An extensive report of the history of the Charleroi Monessen Bridge can be found at HistoricBridges.org
What I found most interesting was the appendix at the end. It tells of how all the records of the American Bridge Company (the company that built the bridge) were lost with filing cabinets full of documents and scores of historic photographs thrown away. It’s tragic.
Transcript of a telephone interview, on the subject of American Bridge Company records, with Raymond Shepherd, director ofthe Pennsylvania Historical and Museum Commission’s Old Economy Village (Ambridge, Pennsylvania), 24 July 1997.
DSR David S. Rotenstein
RS Raymond Shepherd
DSR: Can you tell me why you do not have the records of the American Bridge Company?
RS: As they were closing, they offered Old Economy •the Commissioner •any furniture that we wanted from their offices. So I went down to the Strip District [Pittsburgh] where all the records were and everything and took what I needed. When I got there 1 saw all these banks of records of files and so on and I asked what they were. They said, ‘Well, they’re our business records.’ I said, ‘1 hope that you’re going to do something with
them. Would you think of giving them to the Commonwealth of Pennsylvania, to Old Economy for the archives?’ And they said, ‘Absolutely not. We don’t want people going through our records and looking and finding mistakes and things like that.’ There was even an architect’s drawing of one of their bridges, I recall, it was the Bay Bridge in San Francisco that was over top ofthese maybe ten file cabinets that were four drawers each, legal sized, and I said, ‘Well, could you at least let us have that?’ They said, ‘Absolutely not.’ So when I asked, and I will again ask, when I engineered our getting the furniture, to find out what did happen. But it’s my understanding that ail the files were thrown on the trash heap in Pittsburgh to get rid of them. We do not have them and I do not believe that the Western Pennsylvania Historical Society [Historical Society of Western Pennsylvania, Pittsburgh] got them either, but you might want to check them.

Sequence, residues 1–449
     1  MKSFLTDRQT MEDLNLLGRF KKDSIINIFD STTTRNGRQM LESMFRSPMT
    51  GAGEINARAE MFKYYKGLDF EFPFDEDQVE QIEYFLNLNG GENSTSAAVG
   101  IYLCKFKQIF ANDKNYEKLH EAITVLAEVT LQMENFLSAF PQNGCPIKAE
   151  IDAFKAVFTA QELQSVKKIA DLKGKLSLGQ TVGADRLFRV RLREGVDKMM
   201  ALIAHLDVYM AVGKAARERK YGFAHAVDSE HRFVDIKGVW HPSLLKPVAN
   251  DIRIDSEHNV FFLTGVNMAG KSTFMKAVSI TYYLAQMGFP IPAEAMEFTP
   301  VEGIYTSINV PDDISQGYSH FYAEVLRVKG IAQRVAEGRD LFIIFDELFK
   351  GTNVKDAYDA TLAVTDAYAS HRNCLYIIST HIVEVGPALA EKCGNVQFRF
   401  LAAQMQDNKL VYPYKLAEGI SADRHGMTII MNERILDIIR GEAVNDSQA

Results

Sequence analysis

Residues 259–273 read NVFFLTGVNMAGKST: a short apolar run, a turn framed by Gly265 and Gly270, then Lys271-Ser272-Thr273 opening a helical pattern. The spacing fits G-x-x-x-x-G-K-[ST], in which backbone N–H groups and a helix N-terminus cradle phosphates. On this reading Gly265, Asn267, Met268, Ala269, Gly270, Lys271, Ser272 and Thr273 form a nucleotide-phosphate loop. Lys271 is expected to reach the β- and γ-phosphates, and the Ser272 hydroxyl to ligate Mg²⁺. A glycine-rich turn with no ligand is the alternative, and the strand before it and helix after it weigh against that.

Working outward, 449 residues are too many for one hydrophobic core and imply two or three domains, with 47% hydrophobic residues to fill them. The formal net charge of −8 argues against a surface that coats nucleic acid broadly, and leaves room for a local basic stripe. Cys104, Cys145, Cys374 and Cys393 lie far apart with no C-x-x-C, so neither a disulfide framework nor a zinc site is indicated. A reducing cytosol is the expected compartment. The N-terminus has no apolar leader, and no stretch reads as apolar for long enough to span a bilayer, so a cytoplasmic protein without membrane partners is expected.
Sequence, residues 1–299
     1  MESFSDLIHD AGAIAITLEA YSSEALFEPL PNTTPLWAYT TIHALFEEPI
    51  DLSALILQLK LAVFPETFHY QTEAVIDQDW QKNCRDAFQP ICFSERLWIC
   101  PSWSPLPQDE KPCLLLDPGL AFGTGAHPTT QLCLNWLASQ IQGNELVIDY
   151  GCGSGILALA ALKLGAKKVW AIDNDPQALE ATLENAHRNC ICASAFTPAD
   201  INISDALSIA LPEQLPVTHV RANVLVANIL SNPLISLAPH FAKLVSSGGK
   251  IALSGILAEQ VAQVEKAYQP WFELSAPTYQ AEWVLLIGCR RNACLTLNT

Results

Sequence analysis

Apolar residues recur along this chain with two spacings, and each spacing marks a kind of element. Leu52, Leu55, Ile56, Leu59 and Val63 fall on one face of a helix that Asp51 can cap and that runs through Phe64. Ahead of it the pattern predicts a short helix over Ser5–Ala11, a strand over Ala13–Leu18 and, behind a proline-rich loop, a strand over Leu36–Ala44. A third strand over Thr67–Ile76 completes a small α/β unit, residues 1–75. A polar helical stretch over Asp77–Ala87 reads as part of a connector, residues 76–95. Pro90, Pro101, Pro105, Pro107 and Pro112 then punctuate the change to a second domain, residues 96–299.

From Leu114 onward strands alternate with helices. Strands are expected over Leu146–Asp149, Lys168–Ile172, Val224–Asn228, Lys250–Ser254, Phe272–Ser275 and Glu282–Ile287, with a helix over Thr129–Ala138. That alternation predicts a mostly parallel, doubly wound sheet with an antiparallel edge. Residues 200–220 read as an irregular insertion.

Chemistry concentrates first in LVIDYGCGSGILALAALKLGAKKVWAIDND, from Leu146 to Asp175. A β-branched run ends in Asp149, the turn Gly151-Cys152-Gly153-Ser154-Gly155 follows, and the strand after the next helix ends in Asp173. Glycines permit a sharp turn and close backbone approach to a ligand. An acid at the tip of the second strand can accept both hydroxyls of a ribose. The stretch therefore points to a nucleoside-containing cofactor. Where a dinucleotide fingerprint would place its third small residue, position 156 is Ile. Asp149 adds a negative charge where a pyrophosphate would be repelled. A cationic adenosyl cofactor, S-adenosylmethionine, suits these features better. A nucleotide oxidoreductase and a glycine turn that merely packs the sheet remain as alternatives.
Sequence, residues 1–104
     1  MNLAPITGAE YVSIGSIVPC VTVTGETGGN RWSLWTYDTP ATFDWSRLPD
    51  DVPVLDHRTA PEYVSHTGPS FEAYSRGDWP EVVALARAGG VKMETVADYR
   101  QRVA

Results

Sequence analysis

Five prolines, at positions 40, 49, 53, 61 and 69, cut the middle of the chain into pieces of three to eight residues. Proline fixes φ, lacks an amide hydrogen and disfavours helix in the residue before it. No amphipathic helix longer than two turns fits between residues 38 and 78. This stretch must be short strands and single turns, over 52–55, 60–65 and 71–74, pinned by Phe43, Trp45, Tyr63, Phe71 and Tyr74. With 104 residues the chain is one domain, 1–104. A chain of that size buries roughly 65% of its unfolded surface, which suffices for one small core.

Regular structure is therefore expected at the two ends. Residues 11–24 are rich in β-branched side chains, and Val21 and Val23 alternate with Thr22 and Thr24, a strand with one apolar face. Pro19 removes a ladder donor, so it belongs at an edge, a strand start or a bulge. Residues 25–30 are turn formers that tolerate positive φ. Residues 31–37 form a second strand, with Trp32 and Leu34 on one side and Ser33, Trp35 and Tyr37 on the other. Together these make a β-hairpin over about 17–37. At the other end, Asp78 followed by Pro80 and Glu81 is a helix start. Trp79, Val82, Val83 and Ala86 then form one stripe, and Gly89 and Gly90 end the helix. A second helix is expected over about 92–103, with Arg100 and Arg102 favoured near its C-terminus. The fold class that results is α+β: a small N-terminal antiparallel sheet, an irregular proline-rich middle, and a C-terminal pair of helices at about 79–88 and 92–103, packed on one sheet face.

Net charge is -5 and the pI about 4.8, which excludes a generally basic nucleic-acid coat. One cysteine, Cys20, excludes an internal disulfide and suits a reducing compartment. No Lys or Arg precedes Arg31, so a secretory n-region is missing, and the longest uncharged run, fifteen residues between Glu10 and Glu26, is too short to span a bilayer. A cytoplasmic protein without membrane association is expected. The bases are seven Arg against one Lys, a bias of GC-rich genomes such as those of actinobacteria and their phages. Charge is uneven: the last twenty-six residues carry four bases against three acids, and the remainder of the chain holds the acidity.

DSR: Do you recall the name of the American Bridge Company official with whom you spoke?
RS: Not now …. I think they’re gone. We did our best to try and encourage – as a matter of fact, when I went back to the American Bridge headquarters here in Ambridge, there were probably a hundred photographs just sitting against the wail on the floors and I said, ‘Well, gee, what about those photographs. What are you going to do with those?’ This is the time that it was U.S. Steel, that they were trying to place it before the Russian College went in there. I said, ‘Would you give us some of the photos….’ We do have some photos, for instance, the building of their headquarters building back in 1905, 1910, whatever it was. And i said, ‘It would be very nice to have that as a document of the history of Ambridge.’ And they said, ‘When we’re finished with them, we might consider it.’ But I’ve tried two or three times since then to get those photographs and they wouldn’t give them to me. [He explains that his efforts to secure the records were ‘five or more years ago, at this point.’]
DSR: You said something earlier [before the tape] about insurance liability. Was that something they said specifically?
RS: Oh yes, that was exactly the reason that they would not give them to us. I said, ‘These bridges, a lot of them have already been taken down and it would be such an important part of the history of bridges in the United States.’ And they said, ‘[It’s] of no importance. We’re not interested in that, in these records to survive.’
This reminds me of a story I was told about how boxes of old photographs in the archives of Monongahela’s newspaper, The Daily Republican, were discarded when the newspaper was sold to The Observer Reporter. The person telling me the story said he (or she – can’t remember now) rescued a few but many were thrown out.